Stephen Holmes has written a good essay about the neoconservatives, Neo-Con Futurology London Review of Books 10/05/06 issue, a review of After the Neocons: America at the Crossroads by Francis Fukuyama. He writes:
As it turns out, Fukuyama’s book sheds considerable light on the cognitive biases and intellectual incoherence behind America’s catastrophic response to 9/11. Above all, it deepens our understanding of the administration’s twisted interpretation of the terrorist threat. From Fukuyama’s analysis of Bush’s foreign policy, we can distil five debatable but stimulating propositions. First, the fatal decision to invade Iraq was based on a genuine, not merely contrived, ‘conflation’ of the threat posed by rogue states with the threat posed by nuclear terrorists. Second, Cold War habits of mind and a misunderstanding of the causes of the collapse of the Soviet Union contributed to the administration’s blurred reading of the new enemy and therefore to its decision to launch an ineffectual, misdirected and self-defeating counterattack. Third, the neo-con democratisation project, having become a widely publicised justification for the invasion after the fact, makes assumptions about the nature of the threat that clash with the basic theoretical framework of the administration’s war on terror. Fourth, non-military counterterrorism policies in Europe (multilateral police operations and proposed social programmes designed to aid the integration of Europe’s alienated Islamic youth), reflect a much clearer understanding of the terrorist threat than unilateral military intervention in the Middle East. And finally, the administration’s visceral hostility to multilateralism has led it to play down threats to US national security that can be managed only co-operatively. (my emphasis)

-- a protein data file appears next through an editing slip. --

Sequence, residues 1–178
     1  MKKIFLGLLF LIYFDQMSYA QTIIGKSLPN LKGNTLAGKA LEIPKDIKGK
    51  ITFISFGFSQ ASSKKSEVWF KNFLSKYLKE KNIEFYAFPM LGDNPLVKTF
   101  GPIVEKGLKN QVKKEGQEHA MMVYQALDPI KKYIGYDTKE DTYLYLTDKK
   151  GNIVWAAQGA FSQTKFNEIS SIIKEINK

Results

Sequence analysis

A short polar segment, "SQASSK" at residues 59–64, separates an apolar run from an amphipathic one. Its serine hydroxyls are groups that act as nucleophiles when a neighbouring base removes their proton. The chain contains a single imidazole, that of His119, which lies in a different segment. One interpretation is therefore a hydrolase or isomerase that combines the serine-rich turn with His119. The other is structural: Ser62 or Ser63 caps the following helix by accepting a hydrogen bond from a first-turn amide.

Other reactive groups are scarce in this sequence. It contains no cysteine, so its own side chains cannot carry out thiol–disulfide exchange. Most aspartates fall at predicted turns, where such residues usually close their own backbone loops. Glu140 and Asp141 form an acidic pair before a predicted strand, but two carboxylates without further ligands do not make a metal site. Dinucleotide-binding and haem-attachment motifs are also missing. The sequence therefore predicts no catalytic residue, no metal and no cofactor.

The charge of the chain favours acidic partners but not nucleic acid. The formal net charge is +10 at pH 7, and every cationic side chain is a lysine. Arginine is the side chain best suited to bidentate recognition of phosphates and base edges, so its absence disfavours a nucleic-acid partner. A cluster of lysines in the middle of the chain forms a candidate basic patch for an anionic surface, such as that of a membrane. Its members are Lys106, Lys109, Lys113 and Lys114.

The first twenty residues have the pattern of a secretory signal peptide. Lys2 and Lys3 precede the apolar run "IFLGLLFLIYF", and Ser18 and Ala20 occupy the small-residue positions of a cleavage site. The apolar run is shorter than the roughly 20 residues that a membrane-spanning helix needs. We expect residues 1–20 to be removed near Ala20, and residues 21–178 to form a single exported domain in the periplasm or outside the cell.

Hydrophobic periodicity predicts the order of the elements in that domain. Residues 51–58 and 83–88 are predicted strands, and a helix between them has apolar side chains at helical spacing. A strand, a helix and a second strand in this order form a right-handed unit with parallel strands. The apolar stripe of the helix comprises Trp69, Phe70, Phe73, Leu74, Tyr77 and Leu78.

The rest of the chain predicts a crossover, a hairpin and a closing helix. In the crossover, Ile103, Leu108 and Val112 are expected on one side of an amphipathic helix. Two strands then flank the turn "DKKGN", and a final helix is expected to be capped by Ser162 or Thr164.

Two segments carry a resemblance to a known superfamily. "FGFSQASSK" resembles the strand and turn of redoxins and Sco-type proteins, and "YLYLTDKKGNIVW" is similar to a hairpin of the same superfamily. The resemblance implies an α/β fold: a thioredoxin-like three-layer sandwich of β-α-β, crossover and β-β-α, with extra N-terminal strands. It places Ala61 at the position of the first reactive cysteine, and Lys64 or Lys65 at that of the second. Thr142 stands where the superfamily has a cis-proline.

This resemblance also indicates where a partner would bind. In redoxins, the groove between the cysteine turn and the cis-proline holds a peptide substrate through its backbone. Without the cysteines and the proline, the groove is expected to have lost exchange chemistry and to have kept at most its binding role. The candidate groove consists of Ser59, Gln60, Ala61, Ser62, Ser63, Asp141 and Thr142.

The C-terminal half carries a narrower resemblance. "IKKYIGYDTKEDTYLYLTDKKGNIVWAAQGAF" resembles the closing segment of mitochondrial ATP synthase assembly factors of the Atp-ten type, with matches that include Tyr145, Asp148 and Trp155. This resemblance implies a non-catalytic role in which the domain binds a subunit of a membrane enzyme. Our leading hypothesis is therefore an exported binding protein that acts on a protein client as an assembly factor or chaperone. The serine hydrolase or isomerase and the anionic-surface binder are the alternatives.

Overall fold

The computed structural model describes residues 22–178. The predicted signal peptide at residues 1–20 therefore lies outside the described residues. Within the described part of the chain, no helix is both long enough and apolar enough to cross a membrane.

Holmes expands on the ways in which neocon views of the Soviet Union during the Cold War developed into the Bush Doctrine of preventive war that was implemented by invading Iraq:
The Soviet Union collapsed because of ‘its internal moral weaknesses and contradictions’, Fukuyama tells us. But the neo-cons credited President Reagan with ending the evil empire by forcing the Russians into an economically unsustainable arms race. As we know from the case of bin Laden and the Afghan Arabs, the illusion of having brought down the USSR can reinforce latent psychological tendencies to megalomania. Fukuyama does not highlight this parallel. But his account suggests that many neo-cons, like many of the jihadists, experienced a high when the Soviet Union came crashing down in 1991, for somewhat analogous reasons and with distressingly analogous results.